One of the most exciting things that I learned while in my pre-service and in-service-training with Peace Corps is how to build a permagarden. This was a training that was created and taught by Peter Jensen our Peace Corps Permagarden Specialist. A permagarden is an engineered garden which is designed to hold water, air, minerals and nutrients deep in the soil. The structure of it slows the water (from heavy rains) and helps retain water within the garden structure itself. The water then seeps deep into soil that has been prepared to receive it and hold it. One of the many benefits of a permagarden is that it requires a fraction of the watering that a regular garden does. And it only has to be built once. Once a permagarden is built it is ready to receive the plantings of seeds and seedlings year-round and for years to come.
I love permagardens. And I love the idea that permagardening can help families in the villages of Rwanda (and throughout the world) create a means for feeding their families nutritional foods year round, while decreasing the amount of water that is required to be fetched in order for a kitchen garden (small family gardens) to flourish. However, I was not in love with the idea that we were adding yet one more burden of work upon the shoulders of the mothers and women of the village families.
|Women Fetching Water|
I came to Rwanda in June 2015. After 10 weeks of intensive training from Peace Corps I came to my community to live. My first 7 weeks living here was spent gathering information through a Community Needs Assessment (CNA). During this time I interviewed staff at the community health center, visited Community Health Workers in their homes and visited families in their homes. From my very first visit with the village families I began to see that the mothers were exhausted. They would never admit to being tired. But there is a weariness as well as an acceptance in their eyes. To be tired is not an option. They rise early in the morning, take care of their children and their husbands and enter the fields to cultivate by 7 am. The youngest of their children they take with them to the fields, carrying them on their backs, even while they take the hoe to soil and dig deep into rich but rocky soil. They leave the fields somewhere between noon and 2 pm. But their work is not done. There is still water to fetch, food to find and meals to cook, as well as children to bath and a home to clean. Here in the village, there are no faucets conveniently bringing water to their homes. Here water is fetched in 5 gallon jericans. Water weights 8.33 lbs per gallon. That means a full jerican of water weighs 41.65 lbs. Viable water sources are anywhere from a 10 minute to 2 hour walk from the village home. Mostly it is the mothers and the young women who fetch the water. They are the quiet pillars of the family.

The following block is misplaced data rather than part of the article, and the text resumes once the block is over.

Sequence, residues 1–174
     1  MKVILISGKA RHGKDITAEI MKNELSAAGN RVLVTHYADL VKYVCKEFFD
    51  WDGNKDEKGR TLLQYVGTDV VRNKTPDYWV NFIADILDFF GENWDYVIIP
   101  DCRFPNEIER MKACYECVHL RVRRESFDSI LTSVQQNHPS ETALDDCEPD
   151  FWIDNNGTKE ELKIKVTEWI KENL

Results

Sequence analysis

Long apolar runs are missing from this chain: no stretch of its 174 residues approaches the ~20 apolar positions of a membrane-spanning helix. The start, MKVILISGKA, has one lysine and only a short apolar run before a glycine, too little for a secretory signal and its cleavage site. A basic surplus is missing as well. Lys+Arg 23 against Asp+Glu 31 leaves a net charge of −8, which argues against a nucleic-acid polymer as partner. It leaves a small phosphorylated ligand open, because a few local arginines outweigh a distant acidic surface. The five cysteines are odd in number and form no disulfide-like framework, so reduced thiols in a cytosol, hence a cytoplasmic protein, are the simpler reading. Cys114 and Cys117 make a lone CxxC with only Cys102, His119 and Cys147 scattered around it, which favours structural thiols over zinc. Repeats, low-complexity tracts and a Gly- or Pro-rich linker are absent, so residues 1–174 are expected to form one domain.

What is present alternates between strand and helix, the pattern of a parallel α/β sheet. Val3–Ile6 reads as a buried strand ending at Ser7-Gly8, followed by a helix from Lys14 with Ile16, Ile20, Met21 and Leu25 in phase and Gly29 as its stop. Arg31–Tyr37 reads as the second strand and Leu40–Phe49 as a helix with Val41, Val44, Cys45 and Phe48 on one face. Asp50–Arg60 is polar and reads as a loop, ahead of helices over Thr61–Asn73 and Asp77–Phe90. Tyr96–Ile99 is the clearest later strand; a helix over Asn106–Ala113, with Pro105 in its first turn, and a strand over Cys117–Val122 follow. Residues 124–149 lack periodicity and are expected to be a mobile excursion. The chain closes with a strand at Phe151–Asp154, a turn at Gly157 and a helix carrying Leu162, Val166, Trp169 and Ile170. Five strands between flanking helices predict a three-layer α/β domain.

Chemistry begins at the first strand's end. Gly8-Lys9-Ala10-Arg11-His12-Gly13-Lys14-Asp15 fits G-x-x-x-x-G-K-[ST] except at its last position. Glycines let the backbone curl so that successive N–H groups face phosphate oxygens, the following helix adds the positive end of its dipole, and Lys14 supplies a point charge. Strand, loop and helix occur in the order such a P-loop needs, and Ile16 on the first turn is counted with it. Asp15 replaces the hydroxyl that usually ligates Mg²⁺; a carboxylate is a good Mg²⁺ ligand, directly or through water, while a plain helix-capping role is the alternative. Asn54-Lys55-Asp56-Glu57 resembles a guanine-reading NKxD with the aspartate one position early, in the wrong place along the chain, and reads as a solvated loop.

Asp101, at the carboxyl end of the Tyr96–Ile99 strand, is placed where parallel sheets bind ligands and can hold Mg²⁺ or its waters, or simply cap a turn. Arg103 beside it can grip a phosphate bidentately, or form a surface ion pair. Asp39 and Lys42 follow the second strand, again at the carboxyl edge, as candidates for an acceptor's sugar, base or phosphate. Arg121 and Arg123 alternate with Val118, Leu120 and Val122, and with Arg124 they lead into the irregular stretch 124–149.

Once I learned about permagardens I began to wonder how this beautifully efficient and engineered eco-system could be brought to the village family without putting more work upon the shoulders of the village mothers. And naturally my mind came around to the village fathers…the second and more visible pillar of the village family. I thought that, just maybe, the permagarden would be a family project that a father would take pride in.